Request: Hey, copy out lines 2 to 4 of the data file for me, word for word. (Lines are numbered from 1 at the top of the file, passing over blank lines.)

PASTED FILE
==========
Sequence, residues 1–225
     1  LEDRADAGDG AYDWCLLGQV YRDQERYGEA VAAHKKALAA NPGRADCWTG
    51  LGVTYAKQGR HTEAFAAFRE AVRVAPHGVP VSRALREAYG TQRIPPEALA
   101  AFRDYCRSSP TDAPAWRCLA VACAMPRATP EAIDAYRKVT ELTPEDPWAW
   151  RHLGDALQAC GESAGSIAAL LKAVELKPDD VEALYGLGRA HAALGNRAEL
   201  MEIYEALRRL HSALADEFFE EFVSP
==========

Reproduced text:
     1  LEDRADAGDG AYDWCLLGQV YRDQERYGEA VAAHKKALAA NPGRADCWTG
    51  LGVTYAKQGR HTEAFAAFRE AVRVAPHGVP VSRALREAYG TQRIPPEALA
   101  AFRDYCRSSP TDAPAWRCLA VACAMPRATP EAIDAYRKVT ELTPEDPWAW